French TV fiction suffers at U.S. dominance
Local market share plummets 43% over three yearsPARIS -- U.S. TV series are giving French fiction programming a run for its money, having monopolized the Gallic small screen last year, according to figures from French audiovisual promotion association the APA, released Monday.
French fictional programs took just 13 of the top 100 most-watched shows for 2008, while U.S. imports monopolized the list with 57 spots.
This marks a major shift from 2005 when French fiction took 56 of the same 100 spots and U.S. shows just four.
Meanwhile, market shares for the country's digital networks have quadrupled in just two years, taking a 14% share of the most-watched TV in the territory, yet the DTT channels haven't yet started to invest in the fiction genre. DTT channels invested a total of €1.1 million ($1.5 million) this year, a marginal 0.2% of total investment in the genre.
However, France's main TV channels continue to invest in home-grown fiction, with Arte doubling its investments and focusing on 52-minute formats, public TV group France Televisions investing €258 million ($357 million) in fiction in 2008 and announcing plans to invest even more in the future.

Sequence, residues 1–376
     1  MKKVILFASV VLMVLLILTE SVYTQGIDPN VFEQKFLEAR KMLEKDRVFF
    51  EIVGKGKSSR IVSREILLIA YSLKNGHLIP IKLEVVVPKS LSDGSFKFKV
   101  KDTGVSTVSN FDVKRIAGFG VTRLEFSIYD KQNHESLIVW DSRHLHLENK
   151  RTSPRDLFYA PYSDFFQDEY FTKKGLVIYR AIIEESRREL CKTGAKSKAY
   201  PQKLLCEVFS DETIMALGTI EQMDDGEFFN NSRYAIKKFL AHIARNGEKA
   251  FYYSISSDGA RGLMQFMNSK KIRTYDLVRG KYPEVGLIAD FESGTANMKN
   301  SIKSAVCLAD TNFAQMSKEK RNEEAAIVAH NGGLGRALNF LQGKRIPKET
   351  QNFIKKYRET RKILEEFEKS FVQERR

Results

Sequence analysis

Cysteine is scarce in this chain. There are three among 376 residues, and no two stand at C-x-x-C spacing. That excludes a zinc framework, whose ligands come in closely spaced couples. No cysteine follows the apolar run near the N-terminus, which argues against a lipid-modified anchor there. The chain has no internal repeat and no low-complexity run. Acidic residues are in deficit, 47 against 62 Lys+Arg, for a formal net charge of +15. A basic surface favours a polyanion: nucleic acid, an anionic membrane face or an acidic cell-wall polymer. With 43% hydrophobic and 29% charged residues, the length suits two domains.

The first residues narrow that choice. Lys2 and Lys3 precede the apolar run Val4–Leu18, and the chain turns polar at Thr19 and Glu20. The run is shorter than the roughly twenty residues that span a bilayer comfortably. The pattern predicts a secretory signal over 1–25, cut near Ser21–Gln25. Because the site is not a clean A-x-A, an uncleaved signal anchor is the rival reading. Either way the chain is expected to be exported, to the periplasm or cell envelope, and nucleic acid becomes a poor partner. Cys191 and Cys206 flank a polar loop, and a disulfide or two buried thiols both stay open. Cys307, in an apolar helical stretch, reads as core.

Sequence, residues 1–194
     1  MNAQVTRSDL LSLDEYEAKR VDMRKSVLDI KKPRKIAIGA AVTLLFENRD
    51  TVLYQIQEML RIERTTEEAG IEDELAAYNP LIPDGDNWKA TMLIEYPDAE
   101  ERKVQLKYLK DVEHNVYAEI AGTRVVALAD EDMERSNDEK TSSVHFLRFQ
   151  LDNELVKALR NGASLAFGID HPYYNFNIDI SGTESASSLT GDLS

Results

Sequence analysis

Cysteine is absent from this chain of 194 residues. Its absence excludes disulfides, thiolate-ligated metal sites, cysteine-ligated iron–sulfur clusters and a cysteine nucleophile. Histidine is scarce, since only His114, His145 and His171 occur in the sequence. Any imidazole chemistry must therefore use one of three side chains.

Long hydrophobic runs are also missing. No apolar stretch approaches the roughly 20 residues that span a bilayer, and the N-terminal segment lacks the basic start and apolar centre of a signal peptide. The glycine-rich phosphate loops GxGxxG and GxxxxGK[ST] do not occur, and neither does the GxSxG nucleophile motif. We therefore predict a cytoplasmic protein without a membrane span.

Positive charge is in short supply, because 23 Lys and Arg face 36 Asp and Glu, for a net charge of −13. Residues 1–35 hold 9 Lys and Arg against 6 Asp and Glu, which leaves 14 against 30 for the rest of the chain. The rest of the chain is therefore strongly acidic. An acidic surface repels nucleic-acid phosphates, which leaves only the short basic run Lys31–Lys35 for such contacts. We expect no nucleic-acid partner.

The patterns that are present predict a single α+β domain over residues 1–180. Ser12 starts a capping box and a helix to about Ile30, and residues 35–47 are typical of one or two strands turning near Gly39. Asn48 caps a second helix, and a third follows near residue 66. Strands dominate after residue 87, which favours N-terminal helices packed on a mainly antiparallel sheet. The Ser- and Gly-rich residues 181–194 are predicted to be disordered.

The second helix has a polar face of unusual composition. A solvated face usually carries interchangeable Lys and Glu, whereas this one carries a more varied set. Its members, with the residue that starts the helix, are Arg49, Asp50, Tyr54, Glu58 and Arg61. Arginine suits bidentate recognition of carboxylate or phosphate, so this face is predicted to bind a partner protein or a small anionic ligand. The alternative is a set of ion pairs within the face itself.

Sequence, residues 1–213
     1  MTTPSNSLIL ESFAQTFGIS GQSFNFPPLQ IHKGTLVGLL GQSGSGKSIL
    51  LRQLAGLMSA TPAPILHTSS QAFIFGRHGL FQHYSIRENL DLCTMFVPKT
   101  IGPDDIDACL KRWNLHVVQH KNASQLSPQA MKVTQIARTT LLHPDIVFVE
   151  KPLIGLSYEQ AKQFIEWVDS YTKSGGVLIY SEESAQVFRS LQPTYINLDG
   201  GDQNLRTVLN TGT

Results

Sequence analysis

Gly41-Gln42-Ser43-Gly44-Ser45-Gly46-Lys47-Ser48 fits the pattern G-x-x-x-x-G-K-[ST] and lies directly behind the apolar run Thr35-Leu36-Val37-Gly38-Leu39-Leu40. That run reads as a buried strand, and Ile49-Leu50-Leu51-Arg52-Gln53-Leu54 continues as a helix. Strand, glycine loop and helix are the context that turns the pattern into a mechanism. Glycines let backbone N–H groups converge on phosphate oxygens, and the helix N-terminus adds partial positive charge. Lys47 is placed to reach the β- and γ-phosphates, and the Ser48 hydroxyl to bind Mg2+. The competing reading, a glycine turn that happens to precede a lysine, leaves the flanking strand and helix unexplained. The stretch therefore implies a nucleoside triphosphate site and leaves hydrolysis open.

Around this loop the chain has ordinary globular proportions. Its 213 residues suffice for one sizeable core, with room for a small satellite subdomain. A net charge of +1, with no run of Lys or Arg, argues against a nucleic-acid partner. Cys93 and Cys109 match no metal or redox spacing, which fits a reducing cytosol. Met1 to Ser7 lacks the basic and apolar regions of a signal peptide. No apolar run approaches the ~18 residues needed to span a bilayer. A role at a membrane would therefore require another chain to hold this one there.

Arte doubled its investment in 2008 from €13 million in 2007 to €26 million in 2008. Leading private network TF1 invested €172 million in fiction in 2008 compared with €160 million in 2007.
However, most of the networks reduced investment in animation, with France Televisions cutting its 2007 animation budget of €32.3 million to just €23.8 million in 2008, M6's animation budget dropping from €4.1 million to €2.6 million in 2008 and cable and satellite channels' collective investment decreasing from €5.1 million to €4.8 million last year. None of the DTT channels invested in animation last year.
"I'm optimistic," APA president Jean-Francois Boyer said in an interview. He added: "We're living through a radical transformation that's very stimulating, during which we're in the process of inventing French series that are longer and more addictive such as 'Fais pas ci, Fais pas ca,' 'Engrenages' or 'Un Village Francais.' It's going to take five years -- we need to rethink our writing and our production."